While the COVID-19 pandemic put employment litigation cases on hold last year, local attorneys expect them to not only resume, but pick up substantially as employment issues related to the pandemic come to the forefront in the short-term.
Jeffrey Calabrese, a partner with Harter Secrest & Emery LLP, says a number of factors are contributing to an increase in employment litigation cases, including a backlog of cases that were in the works pre-COVID but put on-hold when the pandemic hit, as well as COVID-related claims and even a charged political environment that could spill into the workplace.
In addition, new state rules related to mandatory sick leave that went into effect in January is another new item that employers will have to consider. “There are a number of challenges now that employers may not have had to focus on over the past year,” Calabrese says.
Employment litigation is a lawsuit in which an employee sues an employer, or an employer is sued because of an employment-related issue.
At issue may be claims of discrimination or harassment. Other types of employment litigation may involve pay, overtime or scheduling.
Employment litigation can also include an employee’s claim of illegal action under whistle blower protections, violations of workplace safety or issues related to benefits such as insurance, workers’ compensation or pension.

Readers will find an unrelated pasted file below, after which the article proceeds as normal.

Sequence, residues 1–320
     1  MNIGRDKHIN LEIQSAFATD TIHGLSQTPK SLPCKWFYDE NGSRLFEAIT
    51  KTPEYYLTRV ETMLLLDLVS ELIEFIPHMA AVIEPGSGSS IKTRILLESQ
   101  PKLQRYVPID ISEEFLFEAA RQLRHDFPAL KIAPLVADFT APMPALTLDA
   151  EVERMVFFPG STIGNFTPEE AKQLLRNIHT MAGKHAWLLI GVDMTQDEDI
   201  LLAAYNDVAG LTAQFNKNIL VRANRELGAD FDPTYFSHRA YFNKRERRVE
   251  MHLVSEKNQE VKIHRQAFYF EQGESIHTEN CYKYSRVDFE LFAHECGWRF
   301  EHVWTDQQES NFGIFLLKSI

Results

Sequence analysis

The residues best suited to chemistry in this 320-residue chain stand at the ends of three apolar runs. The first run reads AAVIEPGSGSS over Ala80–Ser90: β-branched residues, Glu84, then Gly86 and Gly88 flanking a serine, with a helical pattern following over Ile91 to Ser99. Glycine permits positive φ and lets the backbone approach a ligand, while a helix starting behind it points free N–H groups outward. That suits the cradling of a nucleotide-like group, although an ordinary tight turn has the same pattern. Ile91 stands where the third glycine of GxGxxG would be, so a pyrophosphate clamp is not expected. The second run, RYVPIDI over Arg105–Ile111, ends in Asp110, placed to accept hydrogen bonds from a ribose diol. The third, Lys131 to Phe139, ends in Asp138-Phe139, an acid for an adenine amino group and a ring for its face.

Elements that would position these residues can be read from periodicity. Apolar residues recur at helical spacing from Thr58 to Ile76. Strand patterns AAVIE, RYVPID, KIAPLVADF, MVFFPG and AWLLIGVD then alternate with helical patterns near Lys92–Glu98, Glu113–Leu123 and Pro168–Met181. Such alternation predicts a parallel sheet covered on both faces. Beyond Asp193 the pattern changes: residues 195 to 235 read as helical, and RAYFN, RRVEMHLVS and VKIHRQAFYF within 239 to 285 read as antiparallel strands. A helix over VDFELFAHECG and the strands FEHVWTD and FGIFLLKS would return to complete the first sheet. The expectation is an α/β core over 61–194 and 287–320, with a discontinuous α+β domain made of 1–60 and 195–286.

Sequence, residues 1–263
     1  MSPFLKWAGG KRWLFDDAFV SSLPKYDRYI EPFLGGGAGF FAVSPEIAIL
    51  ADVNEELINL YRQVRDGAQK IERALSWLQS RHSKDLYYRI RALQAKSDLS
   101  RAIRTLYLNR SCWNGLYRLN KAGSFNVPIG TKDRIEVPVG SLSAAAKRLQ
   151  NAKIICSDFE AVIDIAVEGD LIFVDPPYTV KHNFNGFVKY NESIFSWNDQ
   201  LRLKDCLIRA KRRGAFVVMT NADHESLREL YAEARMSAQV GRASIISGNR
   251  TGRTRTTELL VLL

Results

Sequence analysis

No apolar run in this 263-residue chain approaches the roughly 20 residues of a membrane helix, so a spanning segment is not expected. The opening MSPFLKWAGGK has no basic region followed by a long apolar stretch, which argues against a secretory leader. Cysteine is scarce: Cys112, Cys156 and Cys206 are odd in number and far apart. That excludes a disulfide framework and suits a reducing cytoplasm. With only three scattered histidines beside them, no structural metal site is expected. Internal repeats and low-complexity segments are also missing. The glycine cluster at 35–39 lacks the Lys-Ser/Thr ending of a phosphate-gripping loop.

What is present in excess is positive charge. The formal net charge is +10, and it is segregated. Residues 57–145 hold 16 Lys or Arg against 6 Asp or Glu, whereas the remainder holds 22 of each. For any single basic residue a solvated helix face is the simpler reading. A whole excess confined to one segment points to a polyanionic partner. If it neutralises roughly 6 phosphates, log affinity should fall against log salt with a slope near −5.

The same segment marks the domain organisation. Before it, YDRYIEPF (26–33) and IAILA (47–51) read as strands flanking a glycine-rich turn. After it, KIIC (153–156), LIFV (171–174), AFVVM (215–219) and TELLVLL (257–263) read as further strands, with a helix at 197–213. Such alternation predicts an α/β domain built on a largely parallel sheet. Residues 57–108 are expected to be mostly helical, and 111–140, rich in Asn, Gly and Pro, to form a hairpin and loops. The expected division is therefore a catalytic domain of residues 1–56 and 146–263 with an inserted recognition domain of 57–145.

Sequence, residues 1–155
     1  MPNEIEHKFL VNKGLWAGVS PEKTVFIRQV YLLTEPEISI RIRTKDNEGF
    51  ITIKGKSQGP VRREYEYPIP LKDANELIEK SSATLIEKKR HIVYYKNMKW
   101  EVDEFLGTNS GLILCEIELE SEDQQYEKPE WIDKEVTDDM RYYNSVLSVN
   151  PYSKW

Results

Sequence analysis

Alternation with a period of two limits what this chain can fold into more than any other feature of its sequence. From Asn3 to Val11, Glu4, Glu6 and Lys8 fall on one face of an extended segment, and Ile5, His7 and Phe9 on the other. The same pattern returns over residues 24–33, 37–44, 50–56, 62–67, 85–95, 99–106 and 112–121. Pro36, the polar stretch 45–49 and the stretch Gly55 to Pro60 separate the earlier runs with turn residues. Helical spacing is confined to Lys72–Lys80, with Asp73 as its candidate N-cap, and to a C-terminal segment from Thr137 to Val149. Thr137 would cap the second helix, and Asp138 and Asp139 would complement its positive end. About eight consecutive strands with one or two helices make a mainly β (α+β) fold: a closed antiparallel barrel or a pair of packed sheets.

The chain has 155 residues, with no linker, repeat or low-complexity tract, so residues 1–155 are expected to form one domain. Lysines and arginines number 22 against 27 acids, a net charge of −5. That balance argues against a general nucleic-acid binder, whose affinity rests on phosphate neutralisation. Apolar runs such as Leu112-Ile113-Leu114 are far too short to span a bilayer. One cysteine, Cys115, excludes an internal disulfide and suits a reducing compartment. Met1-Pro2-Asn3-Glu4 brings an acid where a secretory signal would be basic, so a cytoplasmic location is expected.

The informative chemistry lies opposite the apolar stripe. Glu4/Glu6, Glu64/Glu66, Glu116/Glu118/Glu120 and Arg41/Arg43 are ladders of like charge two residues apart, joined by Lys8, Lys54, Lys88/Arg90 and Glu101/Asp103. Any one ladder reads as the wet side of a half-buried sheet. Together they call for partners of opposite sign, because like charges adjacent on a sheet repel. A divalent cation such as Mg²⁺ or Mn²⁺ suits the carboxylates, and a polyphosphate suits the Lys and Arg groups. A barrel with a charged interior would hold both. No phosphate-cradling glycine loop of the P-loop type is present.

Having more people back in the office after spending nearly a year working remotely could increase the chances of litigation, such as discrimination claims, for instance, since people are now back to being face-to-face in an office, Calabrese adds.
In response, he suggests employers review a company’s rules and policies with its managers and supervisors to get everyone back up to speed after an unusual year. COVID-19 is already having an impact on employment litigation, he says.
Since the onset of the pandemic, there has been a class action lawsuit filed in Florida by former employees at a restaurant chain alleging violations of the Worker Adjustment and Retraining Notification Act, which requires employers to provide a certain amount of advance notice of layoffs.
Calabrese says such claims related to the WARN Act could continue to be at the forefront for company leaders post pandemic.
Stacey Trien, a founding partner at Adams Leclair LLP, says there have also been class action lawsuits related to safety issues during COVID-19, including one in New York against Amazon that claims the employer failed to take reasonable precautions to protect its workers during the pandemic.
A similar suit was filed at a meat packing plant in Canada.
Trien has not seen cases to this scale locally, but she is fielding more questions from employers since COVID-19 began and has been working with employers on a case-by-case basis.
She has also seen employers fined for failing to comply with state regulations, namely when it comes to rules from the Occupational Safety and Health Administration.
With the changing regulations it is essential for employers to stay abreast of the rules and make changes accordingly, she notes. Being able to show that employers are acting in good faith could help them if a case is brought up against them, she says.